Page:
Race in the American South: From Slavery to Civil Rights

By David Brown; Clive Webb | Go to book overview

Chapter 12

A DREAM UNFULFILLED:
RACE IN THE CONTEMPORARY SOUTH

During the late 1960s, the civil rights coalition collapsed under the strain of numerous political pressures. The rise of Black Power, the shift of political protest away from race relations towards the Vietnam War and the conservative white backlash to urban rioting in northern cities all contributed to the decline of the movement. Although at a national and regional level the civil rights movement ceased to exist, the struggle for racial reform continued in local communities across the South. Much was still needed to be done to improve the lives of millions of southern blacks. Schools continued to resist the enrolment of black schoolchildren, many adult blacks had not taken advantage of the political opportunities created by the Voting Rights Act and poverty afflicted thousands of families. Efforts to secure change have continued in the decades since the decline of the civil rights movement. While African Americans have overcome many obstacles, racial and class barriers continue to impede their progress towards equality.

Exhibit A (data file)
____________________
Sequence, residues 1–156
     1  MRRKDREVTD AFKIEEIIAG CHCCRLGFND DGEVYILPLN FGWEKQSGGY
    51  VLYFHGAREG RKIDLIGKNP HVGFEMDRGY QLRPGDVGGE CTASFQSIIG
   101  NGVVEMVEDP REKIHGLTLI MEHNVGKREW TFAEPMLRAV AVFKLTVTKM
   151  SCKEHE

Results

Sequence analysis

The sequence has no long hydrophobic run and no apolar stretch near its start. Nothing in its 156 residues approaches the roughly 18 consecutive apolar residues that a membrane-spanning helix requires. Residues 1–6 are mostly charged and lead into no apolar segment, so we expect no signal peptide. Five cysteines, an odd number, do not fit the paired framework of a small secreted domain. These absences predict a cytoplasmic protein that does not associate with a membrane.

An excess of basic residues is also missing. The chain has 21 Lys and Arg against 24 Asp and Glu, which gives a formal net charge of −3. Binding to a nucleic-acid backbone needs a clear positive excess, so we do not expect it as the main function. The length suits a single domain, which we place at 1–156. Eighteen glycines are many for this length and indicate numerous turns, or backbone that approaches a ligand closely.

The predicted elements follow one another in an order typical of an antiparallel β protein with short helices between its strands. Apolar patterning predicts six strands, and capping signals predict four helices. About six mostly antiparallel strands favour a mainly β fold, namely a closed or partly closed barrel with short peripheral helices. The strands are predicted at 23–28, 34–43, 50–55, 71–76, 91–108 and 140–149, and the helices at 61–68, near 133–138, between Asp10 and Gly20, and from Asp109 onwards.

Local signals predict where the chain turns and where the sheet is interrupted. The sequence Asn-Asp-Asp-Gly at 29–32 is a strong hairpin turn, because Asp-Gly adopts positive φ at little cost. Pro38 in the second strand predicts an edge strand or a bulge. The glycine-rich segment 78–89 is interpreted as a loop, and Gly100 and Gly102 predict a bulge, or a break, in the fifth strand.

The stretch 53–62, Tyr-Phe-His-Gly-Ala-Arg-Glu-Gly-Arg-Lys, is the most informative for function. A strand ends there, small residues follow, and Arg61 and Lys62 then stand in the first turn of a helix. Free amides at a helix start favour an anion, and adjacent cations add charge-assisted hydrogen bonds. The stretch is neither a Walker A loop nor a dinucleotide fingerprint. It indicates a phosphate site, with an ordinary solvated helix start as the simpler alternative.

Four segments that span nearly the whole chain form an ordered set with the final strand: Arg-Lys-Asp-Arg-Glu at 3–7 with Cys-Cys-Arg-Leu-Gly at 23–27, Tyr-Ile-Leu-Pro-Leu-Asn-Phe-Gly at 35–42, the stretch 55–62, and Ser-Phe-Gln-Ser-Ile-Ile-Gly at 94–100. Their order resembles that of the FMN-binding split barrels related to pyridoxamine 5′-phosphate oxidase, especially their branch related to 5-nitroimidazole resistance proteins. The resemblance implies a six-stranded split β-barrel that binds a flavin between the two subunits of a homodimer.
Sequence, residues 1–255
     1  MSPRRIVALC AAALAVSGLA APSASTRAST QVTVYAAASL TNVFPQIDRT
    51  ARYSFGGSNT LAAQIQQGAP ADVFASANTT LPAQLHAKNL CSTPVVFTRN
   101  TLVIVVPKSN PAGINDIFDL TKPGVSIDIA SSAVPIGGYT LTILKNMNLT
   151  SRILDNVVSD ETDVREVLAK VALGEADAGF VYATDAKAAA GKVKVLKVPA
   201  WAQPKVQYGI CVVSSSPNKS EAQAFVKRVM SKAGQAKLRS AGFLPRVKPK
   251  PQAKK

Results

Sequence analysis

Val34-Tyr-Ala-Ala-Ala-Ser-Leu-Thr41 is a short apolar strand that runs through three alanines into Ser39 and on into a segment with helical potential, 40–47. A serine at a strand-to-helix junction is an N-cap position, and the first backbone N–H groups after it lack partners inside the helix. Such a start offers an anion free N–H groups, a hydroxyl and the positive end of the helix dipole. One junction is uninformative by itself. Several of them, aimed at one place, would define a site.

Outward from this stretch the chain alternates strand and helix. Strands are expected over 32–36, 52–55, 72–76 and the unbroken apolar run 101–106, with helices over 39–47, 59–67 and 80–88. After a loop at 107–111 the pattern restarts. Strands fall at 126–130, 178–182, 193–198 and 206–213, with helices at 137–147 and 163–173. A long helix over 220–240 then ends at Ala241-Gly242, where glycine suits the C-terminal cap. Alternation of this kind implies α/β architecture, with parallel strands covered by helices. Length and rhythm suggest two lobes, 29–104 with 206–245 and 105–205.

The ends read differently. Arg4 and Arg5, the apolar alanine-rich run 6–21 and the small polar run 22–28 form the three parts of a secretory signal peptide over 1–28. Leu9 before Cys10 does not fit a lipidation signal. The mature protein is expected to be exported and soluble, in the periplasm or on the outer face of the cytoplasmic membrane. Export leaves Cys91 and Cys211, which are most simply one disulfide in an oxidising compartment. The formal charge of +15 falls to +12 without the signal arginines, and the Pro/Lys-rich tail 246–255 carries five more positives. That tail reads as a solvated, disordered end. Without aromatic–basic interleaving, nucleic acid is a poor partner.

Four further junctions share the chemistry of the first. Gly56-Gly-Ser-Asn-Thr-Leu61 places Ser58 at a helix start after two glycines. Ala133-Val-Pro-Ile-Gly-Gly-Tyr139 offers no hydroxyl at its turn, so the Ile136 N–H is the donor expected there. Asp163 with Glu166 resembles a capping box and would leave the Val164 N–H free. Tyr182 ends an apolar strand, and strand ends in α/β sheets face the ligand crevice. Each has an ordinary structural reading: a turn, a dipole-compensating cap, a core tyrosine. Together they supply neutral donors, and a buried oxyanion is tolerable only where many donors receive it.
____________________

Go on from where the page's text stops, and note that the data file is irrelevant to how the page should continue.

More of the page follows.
THE DECLINE OF THE CIVIL RIGHTS MOVEMENT

'There is no more civil rights movement,' SCLC strategist James Bevel proudly proclaimed to news reporters after the Selma campaign. 'President Johnson signed it out of existence when he signed the Voting Rights Bill.'1 The riot that erupted in the Watts ghetto of Los Angeles on 11 August 1965 brutally exposed the complacency of civil rights activists like Bevel. The riot was the worst outbreak of urban unrest since the Second World War. In its wake, thirty-four people lay dead, nearly 400 were injured and a further 4,000 were under arrest.2

The riot forced movement leaders to refocus the direction of their protest. While activists had invested enormous energy in the struggle to secure the constitutional rights of African Americans in the South, the plight of northern blacks had been largely overlooked. In contrast to the South, northern

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